The occasion for a strong and sustained intervention arose when Lord Curzon became the Governor General of India. He was of the view that Indian education had grown too fast at the secondary and university stages, that its administration had become flabby because of undue freedom given to Indian private enterprise, that standards had deteriorated and that the uncontrolled expansion of secondary and higher education was leading to indiscipline and disaffection against Government. He was, therefore, of the view that the Government of India should no longer be a 'king log' and that a policy of intensive central interest in education must be enunciated and sustained. He created the office of the Director-General of Public Instruction in India under the Central Government (1897).
Lord Curzon also convened a Conference of the Directors of Public Instruction in the Provinces at Simla (1900), appointed the Indian Universities Commission (1902), passed the Indian Universities Act (1904) in the Central Legislature, and issued the Government Resolution on Educational Policy in 1904. He also initiated a system of large Central grants to the Provinces for educational development and these continued to be in vogue for several years afterwards. An Indian Education Service (IES) was also created in 1897 and its officers held all key posts in the Education Departments. A second Government of India Resolution on Educational Policy was also passed in 1913.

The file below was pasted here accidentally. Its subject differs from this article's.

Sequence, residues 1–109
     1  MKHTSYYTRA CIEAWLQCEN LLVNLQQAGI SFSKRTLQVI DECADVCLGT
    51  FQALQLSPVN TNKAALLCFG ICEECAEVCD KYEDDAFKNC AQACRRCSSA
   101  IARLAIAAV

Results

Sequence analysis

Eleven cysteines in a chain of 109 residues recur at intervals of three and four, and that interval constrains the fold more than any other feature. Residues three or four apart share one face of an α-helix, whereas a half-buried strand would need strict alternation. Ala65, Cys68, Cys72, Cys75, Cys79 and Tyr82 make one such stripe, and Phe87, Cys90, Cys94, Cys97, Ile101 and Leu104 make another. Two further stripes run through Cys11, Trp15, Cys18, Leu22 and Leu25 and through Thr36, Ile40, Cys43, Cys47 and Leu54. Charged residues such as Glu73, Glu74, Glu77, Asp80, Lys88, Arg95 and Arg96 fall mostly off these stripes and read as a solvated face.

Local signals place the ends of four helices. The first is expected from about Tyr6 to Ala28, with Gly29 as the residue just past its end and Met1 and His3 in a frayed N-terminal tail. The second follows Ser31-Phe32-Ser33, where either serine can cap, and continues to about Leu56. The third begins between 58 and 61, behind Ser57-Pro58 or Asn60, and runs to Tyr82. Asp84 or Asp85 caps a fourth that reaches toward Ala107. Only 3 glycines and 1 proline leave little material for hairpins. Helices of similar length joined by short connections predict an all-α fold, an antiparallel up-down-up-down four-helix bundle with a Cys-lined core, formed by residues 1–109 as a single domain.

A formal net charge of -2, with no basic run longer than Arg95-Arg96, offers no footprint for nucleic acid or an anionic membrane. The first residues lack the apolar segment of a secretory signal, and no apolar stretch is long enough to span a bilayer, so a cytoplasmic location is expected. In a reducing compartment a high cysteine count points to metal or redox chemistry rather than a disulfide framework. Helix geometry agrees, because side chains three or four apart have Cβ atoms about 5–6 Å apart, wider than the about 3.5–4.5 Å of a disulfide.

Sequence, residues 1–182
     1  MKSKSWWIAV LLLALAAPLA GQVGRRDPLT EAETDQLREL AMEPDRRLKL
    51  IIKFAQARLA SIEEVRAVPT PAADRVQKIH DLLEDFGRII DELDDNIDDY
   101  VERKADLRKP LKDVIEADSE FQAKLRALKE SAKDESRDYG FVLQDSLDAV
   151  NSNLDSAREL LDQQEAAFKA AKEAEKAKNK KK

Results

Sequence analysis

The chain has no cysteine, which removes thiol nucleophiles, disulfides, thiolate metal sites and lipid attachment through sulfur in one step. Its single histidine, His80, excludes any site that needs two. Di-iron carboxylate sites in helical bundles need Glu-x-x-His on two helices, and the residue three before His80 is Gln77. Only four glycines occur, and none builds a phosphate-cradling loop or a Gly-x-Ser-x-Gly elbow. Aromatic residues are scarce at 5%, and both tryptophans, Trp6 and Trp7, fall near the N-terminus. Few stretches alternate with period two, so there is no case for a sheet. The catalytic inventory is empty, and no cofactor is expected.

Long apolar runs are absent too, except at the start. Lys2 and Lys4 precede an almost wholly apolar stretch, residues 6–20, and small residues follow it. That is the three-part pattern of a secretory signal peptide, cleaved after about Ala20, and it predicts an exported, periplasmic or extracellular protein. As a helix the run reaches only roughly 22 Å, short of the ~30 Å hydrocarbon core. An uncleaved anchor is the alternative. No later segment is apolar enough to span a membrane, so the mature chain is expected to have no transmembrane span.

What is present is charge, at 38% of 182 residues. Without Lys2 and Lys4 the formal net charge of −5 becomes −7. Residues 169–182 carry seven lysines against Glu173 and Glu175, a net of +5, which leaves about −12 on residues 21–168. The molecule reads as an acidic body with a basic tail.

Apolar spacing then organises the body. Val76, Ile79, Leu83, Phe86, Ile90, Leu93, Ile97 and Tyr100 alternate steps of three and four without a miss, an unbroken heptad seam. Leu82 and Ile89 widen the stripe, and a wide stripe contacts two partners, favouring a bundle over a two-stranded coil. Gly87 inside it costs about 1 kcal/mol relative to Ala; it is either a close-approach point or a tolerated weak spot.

The two Resolutions of 1904 and 1913 may also be described as National Policies on Education and form a continuing sequence with the orders of Lord Bentinck, the Educational Despatch of 1854, and the Resolution of the Government [of India on the Recommendations of the Indian Education Commission (1884).